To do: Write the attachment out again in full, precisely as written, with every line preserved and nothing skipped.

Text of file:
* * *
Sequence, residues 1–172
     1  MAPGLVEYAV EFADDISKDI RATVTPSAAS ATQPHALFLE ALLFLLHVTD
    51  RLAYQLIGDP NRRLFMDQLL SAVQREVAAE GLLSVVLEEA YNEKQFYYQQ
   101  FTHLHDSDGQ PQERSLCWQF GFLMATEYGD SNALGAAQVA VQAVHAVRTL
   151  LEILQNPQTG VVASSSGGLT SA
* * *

Sequence, residues 1–172
     1  MAPGLVEYAV EFADDISKDI RATVTPSAAS ATQPHALFLE ALLFLLHVTD
    51  RLAYQLIGDP NRRLFMDQLL SAVQREVAAE GLLSVVLEEA YNEKQFYYQQ
   101  FTHLHDSDGQ PQERSLCWQF GFLMATEYGD SNALGAAQVA VQAVHAVRTL
   151  LEILQNPQTG VVASSSGGLT SA